Similar to the actuator, the computer interface is intended to be easily modified by other musicians and engineers. MAX MSP, used in this case to develop the Shred software, is a visual programming language intended for audio visual installations. MAX MSP also has a feature that allows the program to communicate with Ableton Live, a digital audio workstation designed to cater to electronic music producers in order to mix and create dynamic tracks while playing live. The drumming community has also adopted Ableton, incorporating it into live setups in order to trigger backing tracks and samples on stage using the Roland gear and Monomes57. MAX MSP has the built in capability to use Ableton Live Plugins as well as to transmit MIDI data into and out from Ableton58. In this way, the Ableton's sequencer and MIDI environment can be easily be used with the Shred device. The MAX patch features a built in Sequencer but is primitive in its capabilities. The only adjustable parameters are tempo, controlled via a graphic dial and by tap tempo and volume. It allows the user to place hits on a grid setup that allows for thirty-second note values at the smallest. The sequencer has the ability to save up to six preset rhythms. The transportation menu can be controlled by any external MIDI device as well as on the designed computer interface. In this way, if the user is using a Roland device or something similar, pads can be mapped in order to play/pause, and go previous/next. It is clear that the Shred device in combination with its software has potential to behave in a various ways. One such way would be the development of real time responsiveness.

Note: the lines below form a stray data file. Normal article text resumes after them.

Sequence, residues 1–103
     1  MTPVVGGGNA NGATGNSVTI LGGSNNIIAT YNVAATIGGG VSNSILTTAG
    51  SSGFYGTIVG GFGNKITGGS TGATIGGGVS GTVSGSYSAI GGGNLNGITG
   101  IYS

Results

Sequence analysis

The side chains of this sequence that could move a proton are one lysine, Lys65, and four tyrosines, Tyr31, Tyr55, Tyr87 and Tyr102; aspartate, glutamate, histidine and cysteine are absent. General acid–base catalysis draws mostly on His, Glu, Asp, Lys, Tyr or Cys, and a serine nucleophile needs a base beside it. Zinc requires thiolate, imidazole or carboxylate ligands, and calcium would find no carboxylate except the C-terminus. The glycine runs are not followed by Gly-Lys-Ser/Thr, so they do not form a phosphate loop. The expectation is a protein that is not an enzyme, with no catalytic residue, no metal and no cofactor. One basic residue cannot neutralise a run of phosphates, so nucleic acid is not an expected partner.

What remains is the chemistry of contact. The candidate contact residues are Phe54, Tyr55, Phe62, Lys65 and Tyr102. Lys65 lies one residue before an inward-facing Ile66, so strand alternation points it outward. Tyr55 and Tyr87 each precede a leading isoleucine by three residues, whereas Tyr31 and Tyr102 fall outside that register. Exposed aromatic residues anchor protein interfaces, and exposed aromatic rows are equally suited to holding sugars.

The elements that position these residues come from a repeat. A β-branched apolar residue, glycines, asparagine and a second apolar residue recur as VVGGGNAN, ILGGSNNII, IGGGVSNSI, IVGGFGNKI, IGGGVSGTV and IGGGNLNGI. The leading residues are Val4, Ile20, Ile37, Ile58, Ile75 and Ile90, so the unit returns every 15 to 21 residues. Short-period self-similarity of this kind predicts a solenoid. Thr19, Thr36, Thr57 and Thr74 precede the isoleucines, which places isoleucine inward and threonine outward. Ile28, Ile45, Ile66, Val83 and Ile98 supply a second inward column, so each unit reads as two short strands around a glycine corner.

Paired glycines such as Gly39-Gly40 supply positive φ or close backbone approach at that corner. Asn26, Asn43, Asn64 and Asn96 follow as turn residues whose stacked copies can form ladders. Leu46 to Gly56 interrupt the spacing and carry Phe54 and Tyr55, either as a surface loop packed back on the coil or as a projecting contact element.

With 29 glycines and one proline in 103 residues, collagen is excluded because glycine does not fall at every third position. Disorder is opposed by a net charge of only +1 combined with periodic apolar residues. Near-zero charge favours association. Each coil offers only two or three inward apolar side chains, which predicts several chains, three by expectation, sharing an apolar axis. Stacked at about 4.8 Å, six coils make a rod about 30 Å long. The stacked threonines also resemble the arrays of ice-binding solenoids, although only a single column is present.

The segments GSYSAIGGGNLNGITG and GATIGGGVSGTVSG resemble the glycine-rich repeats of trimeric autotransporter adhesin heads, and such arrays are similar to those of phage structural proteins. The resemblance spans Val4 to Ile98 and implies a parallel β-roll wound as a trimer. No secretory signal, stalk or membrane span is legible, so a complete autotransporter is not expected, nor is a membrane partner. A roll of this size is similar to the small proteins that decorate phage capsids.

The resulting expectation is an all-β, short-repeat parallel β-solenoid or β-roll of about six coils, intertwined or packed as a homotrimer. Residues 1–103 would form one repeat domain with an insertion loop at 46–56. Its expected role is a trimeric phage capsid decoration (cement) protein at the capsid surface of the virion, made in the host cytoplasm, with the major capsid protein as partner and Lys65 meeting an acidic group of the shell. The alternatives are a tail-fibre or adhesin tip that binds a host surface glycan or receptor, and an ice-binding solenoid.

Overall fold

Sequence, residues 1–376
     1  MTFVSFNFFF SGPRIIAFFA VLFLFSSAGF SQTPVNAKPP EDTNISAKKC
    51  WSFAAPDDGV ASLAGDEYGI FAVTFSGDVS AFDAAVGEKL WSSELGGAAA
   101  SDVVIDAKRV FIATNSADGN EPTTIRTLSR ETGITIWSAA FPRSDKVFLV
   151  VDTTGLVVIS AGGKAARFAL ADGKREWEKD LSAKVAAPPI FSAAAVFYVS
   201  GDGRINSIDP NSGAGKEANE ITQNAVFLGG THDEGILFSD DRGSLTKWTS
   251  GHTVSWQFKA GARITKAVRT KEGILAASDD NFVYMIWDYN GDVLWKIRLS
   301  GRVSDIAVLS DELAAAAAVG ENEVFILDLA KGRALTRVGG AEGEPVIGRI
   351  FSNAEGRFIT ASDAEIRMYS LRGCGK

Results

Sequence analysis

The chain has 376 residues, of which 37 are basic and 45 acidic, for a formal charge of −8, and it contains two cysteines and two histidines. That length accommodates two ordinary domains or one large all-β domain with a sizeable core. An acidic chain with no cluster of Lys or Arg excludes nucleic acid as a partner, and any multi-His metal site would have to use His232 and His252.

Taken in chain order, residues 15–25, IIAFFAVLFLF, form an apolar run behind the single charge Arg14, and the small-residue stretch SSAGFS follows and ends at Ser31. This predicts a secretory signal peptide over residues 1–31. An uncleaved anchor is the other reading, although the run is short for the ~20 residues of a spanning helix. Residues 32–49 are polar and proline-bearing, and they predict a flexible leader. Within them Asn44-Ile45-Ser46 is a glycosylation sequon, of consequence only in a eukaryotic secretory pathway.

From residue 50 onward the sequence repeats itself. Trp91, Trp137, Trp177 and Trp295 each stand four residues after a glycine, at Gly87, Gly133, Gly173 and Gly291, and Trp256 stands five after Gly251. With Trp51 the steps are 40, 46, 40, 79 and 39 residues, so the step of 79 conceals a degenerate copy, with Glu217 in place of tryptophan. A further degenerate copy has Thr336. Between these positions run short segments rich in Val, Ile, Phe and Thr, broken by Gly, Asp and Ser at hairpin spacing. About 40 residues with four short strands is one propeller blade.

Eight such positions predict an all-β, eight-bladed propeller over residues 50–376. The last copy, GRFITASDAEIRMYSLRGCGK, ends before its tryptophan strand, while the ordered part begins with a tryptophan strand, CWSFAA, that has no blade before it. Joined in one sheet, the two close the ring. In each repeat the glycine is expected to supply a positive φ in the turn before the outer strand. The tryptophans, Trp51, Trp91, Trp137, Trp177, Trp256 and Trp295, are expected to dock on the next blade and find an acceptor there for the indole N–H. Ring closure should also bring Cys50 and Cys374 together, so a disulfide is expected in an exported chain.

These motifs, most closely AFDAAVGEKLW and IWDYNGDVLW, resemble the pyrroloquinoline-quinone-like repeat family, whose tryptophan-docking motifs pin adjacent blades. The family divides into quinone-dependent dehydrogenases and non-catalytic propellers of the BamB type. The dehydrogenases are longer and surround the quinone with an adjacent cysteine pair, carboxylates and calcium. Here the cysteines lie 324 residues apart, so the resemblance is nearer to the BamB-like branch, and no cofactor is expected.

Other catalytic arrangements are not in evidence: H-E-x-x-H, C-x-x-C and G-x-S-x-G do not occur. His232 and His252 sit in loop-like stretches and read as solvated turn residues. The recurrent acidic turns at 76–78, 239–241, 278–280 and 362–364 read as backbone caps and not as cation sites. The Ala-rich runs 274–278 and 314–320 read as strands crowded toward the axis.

The primary feature of the device is the ability to loop record. Currently there is no device on the market that allows a drummer to record a performance on the spot and playback directly on the drum heads. Ideally, users can record a rhythmical idea and play it back on the drum kit, while continuing to play naturally. This allows the user to build up complex rhythms that otherwise could not have been achieved. Just as in the case of the sequencer, Ableton Live can be used as the primary interface if preferred. Ideally, there would be no limit as to how many sequences could be recorded and played back simultaneously. Future functionality would also incorporate the ability to move sequences from one drum to another, play backwards, invert, or double and half the tempo of the sequence.
The last functionality, and currently the most underdeveloped, is the ability to support the performer with time based effects such as echoes, delays, and dubbeling up on drums. For example, if the user strikes the snare, the floor tom could be struck at the same time, supporting a thicker sound. As discussed in chapter two, adding a time based effect on a drummer's performance carries a significant effect on how he or she constructs a groove-- it becomes a process of push and pull, allowing space for the effect as well as filling in the gaps, and the decisions made on the next rhythmical sequence are constructed by the musician. Currently, there is no device on the market that allows for such time based effects.